■  The deflated ball controversy is funny, because the Patriots struggled with drops. Edelman, Gronkowski, and Danny Amendola each had bad drops on very catchable balls over the middle.

■  Note to defensive coordinators: If the Patriots are on the goal line, and Gronk is alone on one side of the field with a one-on-one matchup, he’s going to get the ball on a quick slant. Every time. This isn’t even debatable. Yet the Colts couldn’t stop it (again).

■  I think it’s matchup-based, and not an indication that he’s in the doghouse, but it’s interesting that tight end Tim Wright played only five snaps against the Colts after playing three against the Ravens. The fact that he doesn’t block much probably has kept him off the field.

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■  Great concentration by Vereen on his 30-yard catch while getting clotheslined by Jerrell Freeman. Sometimes, games just come down to execution. Vereen caught his deep pass, and Dan Herron didn’t. The Patriots capitalized on their opportunities, and the Colts didn’t.

When the Colts had the ball

■  Collins has blossomed into a great young player in his second NFL season, but for whatever reason he absolutely terrorizes the Colts. He had a sack and an interception last year in the playoffs, eight tackles and a forced fumble in November, and an interception Sunday night. And the Patriots use Collins and Hightower the same way every time — lined up over the “A” gaps, with the potential to rush the quarterback or drop into coverage on any play.

Collins’s best play of the night, though, came in the first quarter, when he shed tight end Dwayne Allen with one arm and took down Herron with the other. Doing either with one arm isn’t easy, let alone at the same time.

■  The Patriots did a lot more zone rushing against the Colts than they had against the Ravens, Jets, and Dolphins in recent weeks. Rob Ninkovich seemingly dropped into coverage on every other passing play, and Chandler Jones dropped into coverage a healthy amount, as well. We only counted two passes in which the Patriots sent more than four rushers, but they did a great job of disguising where the rush was coming from. In fact, the Patriots more often rushed three and even two defenders, dropping their ends and linebackers off into zone coverage as a way to contain Luck’s scrambling ability.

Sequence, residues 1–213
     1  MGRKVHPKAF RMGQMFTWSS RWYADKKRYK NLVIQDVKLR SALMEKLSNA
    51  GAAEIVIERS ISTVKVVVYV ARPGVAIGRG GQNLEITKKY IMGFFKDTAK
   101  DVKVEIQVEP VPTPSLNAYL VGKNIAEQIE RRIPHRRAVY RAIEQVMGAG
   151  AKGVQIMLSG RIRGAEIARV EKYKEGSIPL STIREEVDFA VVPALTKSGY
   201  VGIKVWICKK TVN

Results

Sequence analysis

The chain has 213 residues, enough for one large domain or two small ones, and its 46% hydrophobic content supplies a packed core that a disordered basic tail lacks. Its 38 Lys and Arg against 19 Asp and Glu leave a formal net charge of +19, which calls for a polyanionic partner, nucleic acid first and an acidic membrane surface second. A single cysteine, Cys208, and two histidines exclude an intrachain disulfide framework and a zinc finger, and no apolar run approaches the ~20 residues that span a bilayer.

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■  Luck hit only one pass of more than 10 yards — the beautiful 36-yarder to T.Y. Hilton on the sideline — and a lot of it had to do with the consistent pressure the Patriots got up front.

■  Ninkovich completely owned RT Joe Reitz, busting him for nine hurries and a quarterback hit, plus two passes batted down at the line of scrimmage. Ninkovich earned a whole helmet’s worth of stickers for his play. Just an awesome performance by the veteran, who clearly studied the Colts’ tendencies and had their number. Chandler Jones also did a nice job against LT Anthony Castonzo, getting several pressures and a quarterback hit.

■  The Colts went away from their three-receiver sets — Reggie Wayne played only 21 snaps and looked old and slow — and instead used plenty of two- and three-tight end formations with Coby Fleener, Allen, and Jack Doyle. To counter this, the Patriots used Jonathan Casillas as a third linebacker on a dozen plays.

 Darrelle Revis missed only two plays after getting kicked in the head by Hightower, and had one of his best games of the season against Wayne and Donte Moncrief. Revis pitched a shutout — he was targeted just twice, didn’t allow a reception, and beautifully undercut a route to swipe a lob pass from Luck for an easy interception.

■  Brandon Browner wasn’t perfect, committing another bad defensive holding penalty, but Fleener caught only three balls for 30 yards on him after having a 100-yard game in November. Interesting to see the Patriots have Browner play tight bump-and-run coverage on Fleener, even when Fleener was lined up in-line. It also gave the Patriots an extra run defender in the box.

Special teams

■  The Colts tried a few surprise onside kicks earlier this season, so the Patriots kept seven defenders up near the line of scrimmage on kickoffs, just like they did in November. This game felt like a serious case of déjà vu.

■  The game turned on the Patriots’ first punt of the game. It could have been a disastrous play, with a low snap from Danny Aiken and a short punt from Ryan Allen, but the ball doinked right off Josh Cribbs’s facemask and into Darius Fleming’s arms for an easy fumble recovery. The Patriots scored their first touchdown six plays later, and the rout was on.

■  Tremendous blocks from Fleming on Edelman’s first punt return for 20 yards, and Brandon Bolden absolutely destroyed Andy Studebaker on Edelman’s 45-yard return at the end of the third quarter.


Ben Volin can be reached at ben.volin@globe.com. Follow him on Twitter @BenVolin